So you think you know everything you need to know about working out and maintaining a healthy weight? Take our health and fitness guru quiz, and put your know-how to the test!
True or False.
FALSE. While cardio provides an excellent base if you are just getting into working out, and provides many other health and fitness benefits, if your goal is to lose weight, you are better off spending more of your time lifting weights. Why? Lifting weights with little break between sets and reps elevates your heart rate similar to that of aerobic/cardio workouts. However, with the break down and build up of muscle tissue between strength training workouts, your body uses more calories at rest compared to the recovery your body undergoes with just cardio workouts. TIP: If just starting an exercise routine, begin with a cardio base for at least 2 weeks before adding strength training, to allow your bones, muscles, joints, and other soft tissue to get used to exercise before adding weight. Otherwise, do a cardio warm-up prior to your strength training, and get the bonus of both exercises to kick-start your weight loss!
FALSE. If your goal is to stabilize your core (and isn’t that supposed to be the goal of a “core” workout?), then sit-ups and crunches are the exact wrong exercises to get you to a strong and stable core. Because these exercises work primarily rectus abdominus, an abdominal muscle with vertical muscle fibers that do not connect to your spine, they do very little to assist your body in stabilizing itself during high level activities. Rather, exercises that focus on activating and strengthening transversus abdominus and even the internal and external obliques (the 3 other abdominal muscle groups) along with strengthening the gluteus maximus and gluteus medius are your best bet to guarantee a strong and stable core capable of reducing your injury risk and improving your overall sports performance. See our Build a Better Body series for ideas on how to strengthen the muscles that make up your true “core”.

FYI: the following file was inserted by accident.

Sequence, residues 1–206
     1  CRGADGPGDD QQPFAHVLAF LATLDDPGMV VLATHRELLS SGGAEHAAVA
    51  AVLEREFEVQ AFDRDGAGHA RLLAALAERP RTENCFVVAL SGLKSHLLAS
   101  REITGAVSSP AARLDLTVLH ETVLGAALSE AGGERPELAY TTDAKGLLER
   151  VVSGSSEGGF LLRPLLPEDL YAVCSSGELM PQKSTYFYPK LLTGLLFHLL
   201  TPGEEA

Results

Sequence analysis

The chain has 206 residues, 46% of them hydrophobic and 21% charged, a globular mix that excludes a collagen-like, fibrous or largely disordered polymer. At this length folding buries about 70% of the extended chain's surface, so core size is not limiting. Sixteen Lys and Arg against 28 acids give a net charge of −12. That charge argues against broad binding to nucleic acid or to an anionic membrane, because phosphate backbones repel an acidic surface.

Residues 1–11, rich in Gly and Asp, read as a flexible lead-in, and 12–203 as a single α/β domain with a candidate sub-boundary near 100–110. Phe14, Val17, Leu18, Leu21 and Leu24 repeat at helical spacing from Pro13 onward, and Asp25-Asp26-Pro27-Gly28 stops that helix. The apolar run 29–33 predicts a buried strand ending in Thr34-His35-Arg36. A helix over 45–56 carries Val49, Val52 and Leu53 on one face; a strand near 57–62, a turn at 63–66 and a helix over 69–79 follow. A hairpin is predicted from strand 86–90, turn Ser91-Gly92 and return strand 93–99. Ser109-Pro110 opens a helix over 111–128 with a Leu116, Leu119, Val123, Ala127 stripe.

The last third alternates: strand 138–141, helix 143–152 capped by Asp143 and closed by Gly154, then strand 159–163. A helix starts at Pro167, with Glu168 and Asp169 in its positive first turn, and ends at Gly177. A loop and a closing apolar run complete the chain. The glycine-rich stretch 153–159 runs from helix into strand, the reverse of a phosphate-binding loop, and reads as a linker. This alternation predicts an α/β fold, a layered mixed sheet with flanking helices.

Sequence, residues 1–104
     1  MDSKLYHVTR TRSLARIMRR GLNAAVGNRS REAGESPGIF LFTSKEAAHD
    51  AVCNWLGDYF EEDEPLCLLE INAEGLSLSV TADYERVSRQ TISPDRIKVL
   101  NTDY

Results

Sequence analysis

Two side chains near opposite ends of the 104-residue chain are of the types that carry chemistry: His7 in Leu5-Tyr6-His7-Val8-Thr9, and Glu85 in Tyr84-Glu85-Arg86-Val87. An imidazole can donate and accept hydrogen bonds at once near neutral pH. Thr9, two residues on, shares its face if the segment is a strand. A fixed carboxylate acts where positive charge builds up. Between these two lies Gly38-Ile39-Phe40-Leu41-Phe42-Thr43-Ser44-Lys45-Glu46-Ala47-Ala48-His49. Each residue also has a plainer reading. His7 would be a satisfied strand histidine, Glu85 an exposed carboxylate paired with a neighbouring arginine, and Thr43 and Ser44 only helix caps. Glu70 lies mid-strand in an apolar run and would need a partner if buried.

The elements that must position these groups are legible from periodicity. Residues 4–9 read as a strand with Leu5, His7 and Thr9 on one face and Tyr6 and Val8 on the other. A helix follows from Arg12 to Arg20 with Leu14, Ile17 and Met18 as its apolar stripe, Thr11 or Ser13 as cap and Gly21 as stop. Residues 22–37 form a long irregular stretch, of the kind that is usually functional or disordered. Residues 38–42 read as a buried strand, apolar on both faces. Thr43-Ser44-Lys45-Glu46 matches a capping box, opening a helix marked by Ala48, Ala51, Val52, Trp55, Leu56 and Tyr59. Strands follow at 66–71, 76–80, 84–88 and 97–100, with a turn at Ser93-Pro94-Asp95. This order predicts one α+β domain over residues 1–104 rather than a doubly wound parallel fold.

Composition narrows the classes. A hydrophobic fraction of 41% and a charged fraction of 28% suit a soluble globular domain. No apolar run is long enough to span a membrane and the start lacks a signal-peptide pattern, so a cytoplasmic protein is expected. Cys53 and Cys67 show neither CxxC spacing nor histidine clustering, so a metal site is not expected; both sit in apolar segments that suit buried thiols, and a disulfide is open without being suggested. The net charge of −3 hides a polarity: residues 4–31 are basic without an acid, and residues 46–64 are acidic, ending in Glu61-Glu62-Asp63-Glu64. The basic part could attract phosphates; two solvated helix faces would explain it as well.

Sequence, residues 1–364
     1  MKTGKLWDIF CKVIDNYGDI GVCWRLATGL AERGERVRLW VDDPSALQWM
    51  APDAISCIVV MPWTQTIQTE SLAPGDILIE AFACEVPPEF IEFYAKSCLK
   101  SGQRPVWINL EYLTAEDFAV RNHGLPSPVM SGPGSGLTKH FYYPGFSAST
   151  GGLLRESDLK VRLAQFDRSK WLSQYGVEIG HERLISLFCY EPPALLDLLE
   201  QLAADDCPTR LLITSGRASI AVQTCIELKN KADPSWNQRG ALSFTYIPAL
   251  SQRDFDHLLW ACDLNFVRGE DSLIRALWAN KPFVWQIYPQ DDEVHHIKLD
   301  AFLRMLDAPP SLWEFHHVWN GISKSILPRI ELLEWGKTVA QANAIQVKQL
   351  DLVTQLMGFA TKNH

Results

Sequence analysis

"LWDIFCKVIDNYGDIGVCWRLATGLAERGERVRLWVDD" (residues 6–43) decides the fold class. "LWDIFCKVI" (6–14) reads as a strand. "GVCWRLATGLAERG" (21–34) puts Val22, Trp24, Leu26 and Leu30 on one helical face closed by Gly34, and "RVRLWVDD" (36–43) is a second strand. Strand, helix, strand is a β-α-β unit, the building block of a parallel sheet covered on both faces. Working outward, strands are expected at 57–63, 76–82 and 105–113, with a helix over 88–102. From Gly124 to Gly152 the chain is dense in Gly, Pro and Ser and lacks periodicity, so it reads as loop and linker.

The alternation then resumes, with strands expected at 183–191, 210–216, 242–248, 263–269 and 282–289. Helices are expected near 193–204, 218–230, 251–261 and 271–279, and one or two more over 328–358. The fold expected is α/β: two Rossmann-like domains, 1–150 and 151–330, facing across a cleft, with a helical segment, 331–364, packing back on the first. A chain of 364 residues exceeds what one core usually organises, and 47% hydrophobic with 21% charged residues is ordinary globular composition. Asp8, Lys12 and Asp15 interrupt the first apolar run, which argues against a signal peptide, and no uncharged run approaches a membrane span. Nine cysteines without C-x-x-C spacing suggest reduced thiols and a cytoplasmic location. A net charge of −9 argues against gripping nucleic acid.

FALSE. Yes, the nuts and bolts of dieting is calories in, calories out. However, the biggest problem with fast weight loss on a restrictive diet is down the road when the weight is quickly gained back once you return to your normal diet. A better idea would be creating gradual and permanent diet changes, little by little, so your diet can be sustained through future years. Start by making one healthier diet choice per day or per week, such as substituting water for one soda, or chicken for fatty beef servings. Or simply drinking more water each day, or adding soup as a regular meal several times per week. Add an extra vegetable serving every day, or reduce your juice consumption. Switch from white pasta to wheat pasta. Reduce dessert servings and portion sizes. Cut out unhealthy snacks and replace with nuts or fruit. There are lots of ideas that will add up to calorie savings, plus you will feel better, and still have enough calories in your diet to give you energy to work out, the other key component to any weight loss and weight maintenance program. And most importantly, you will not feel deprived, and your body will not feel like it is starving, which will increase your hunger and slow your metabolism.
FALSE. The most recent exercise science research reduces the emphasis on stretching before exercising as a method of reducing injury risk. In fact, research has shown that holding long, sustained stretches prior to working out can reduce performance, i.e., speed of sprinting intervals, max squat weight, and jumping height/distance. Are stretches even useful? Yes, as stretching after your workout, especially after weight training, will allow your muscles to cool down at a longer resting length than not stretching at all. This longer resting length will reduce your susceptibility to injury between and during future workouts.
FALSE. While it may prove to be quite a rush to see your weight plummet by 5 pounds the first week of your new “diet,” fasting or cleansing with very low calories and no additional hydration will simply deprive your body of calories, slowing your metabolism, and water, which may actual lead to bloating as your body tries to maintain an appropriate hydration level for cellular function. Our bodies thrive on water; weight loss beyond 1-2 pounds per week is likely caused by dehydration, which is a temporary state causing fatigue, lack of concentration, headaches, and reduced exercise performance, and weight loss from dehydration will be gained again in future days and weeks once your body can return to its normal level of hydration. Any “cleanse” health benefits may have a psychological effect, but the body already has organs in place to cleanse out impurities from our diet and environment. If you search pubmed.com, the medical research site, there is no medical research study supporting the use of cleanses, unless you are prepping for a colonoscopy.